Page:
UMM’s exhibits showcase Steuben artist Robert Bryson

A glimpse of a total immersion portrait project by Steuben artist Robert Bryson is now on exhibit at the University of Maine at Machias. Bryson's work was inspired by an obscure 1944 novel by Spanish surrealist Salvador Dali.
Dan Barr | BDN
A glimpse of a total immersion portrait project by Steuben artist Robert Bryson is now on exhibit at the University of Maine at Machias. Bryson's work was inspired by an obscure 1944 novel by Spanish surrealist Salvador Dali. Buy Photo
Posted July 13, 2012, at 1:57 p.m.

MACHIAS, Maine — A glimpse at Steuben artist Robert Bryson’s recent immersion in portrait painting is now being showcased at the art galleries of the University of Maine at Machias in an exhibit titled “Portrait Project — 2011/ 2012.”

When Bryson set out to create portraits based on the book “Hidden Faces” by surrealist Spanish painter Salvador Dali, he envisioned a small project. Like Dali’s 1944 novel, which depicts in highly visual terms the love lives of eccentric aristocrats in a decadent 1930s era, Bryson’s portraits put faces on Dali’s curious cast of characters, who range from those involved in the French Resistance of World War II to a disfigured American fighter pilot.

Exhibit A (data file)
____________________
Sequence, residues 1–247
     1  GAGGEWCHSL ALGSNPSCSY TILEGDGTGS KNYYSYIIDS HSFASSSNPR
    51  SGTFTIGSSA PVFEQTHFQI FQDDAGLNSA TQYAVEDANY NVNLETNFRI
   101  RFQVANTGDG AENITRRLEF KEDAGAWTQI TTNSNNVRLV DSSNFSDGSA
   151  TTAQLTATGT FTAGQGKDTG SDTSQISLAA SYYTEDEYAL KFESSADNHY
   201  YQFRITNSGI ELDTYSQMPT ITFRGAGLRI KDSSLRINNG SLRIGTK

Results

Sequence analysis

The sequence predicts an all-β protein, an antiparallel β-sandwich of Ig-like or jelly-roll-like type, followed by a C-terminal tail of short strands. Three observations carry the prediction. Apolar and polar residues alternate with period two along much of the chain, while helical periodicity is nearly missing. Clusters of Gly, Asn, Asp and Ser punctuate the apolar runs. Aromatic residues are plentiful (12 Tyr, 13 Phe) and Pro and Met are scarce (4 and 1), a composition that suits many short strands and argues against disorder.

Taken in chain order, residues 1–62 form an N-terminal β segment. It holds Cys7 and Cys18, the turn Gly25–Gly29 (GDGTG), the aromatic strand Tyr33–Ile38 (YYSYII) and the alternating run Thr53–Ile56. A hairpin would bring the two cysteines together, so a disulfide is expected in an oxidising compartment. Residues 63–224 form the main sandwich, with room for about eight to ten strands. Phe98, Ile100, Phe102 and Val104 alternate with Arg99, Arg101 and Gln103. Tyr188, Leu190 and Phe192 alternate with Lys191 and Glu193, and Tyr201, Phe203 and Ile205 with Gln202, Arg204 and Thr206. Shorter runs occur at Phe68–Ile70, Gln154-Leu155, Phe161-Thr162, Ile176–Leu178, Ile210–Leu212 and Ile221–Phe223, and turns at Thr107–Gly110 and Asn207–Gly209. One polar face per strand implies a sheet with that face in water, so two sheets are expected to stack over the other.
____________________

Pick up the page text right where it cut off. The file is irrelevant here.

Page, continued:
A year and a studio of portraits later, Bryson had achieved a formidable collection.

Retired from government work eight years ago, Bryson usually paints landscapes from his home in Steuben but saw an opportunity to branch off into portraiture while reading “Hidden Faces.” Inspired by the colorful characters who populate Dali’s book, Bryson decided to try to paint them, soon realizing that, far from a small project, the task of capturing the characters of Dali’s book was a jumping off point for a much larger endeavor.

“After about 10 portraits I’d kind of had enough of the [Dali] party,” Bryson said. “I started doing portraits of relatives, acquaintances, friends and people from my sketchbook from my trip to Europe.”

Over time Bryson painted more than 200 portraits in many different styles and media, of which only a handful are now on exhibit at UMM. Among these are portraits of William S. Burroughs and Edvard Munch, as well as some self portraits, all done in a variety of techniques.

Bryson found the portraits to be an opportunity to experiment.

“As I started getting into the painting it became a little more fluid,” he said. “So I began to experiment a bit more.”

Bryson graduated from the University of Maine in 1976 with a degree in art education and has exhibited his work regionally in Bangor, Ellsworth and other towns in Maine. He also has had exhibitions in Rochester, N.Y., and in Washington, D.C. When not painting landscapes and seascapes, he draws cartoons for the Machias Valley News Observer.

The UMM show was organized with the help of Bernie Vinzani, a professor and director of the school’s art gallery. In addition to student shows, the university hosts six shows a year, which Vinzani says he chooses carefully from many requests.

“I get asked by a lot of people if they can show their work, but I like to show local work,” Vinzani said. “I like the art in the area, and I think more people need to see that art.”

Bryson’s exhibit will remain on display through Aug. 10. The university’s galleries are located on the first floor of Powers Hall on the UMM campus on Route 1 in Machias.

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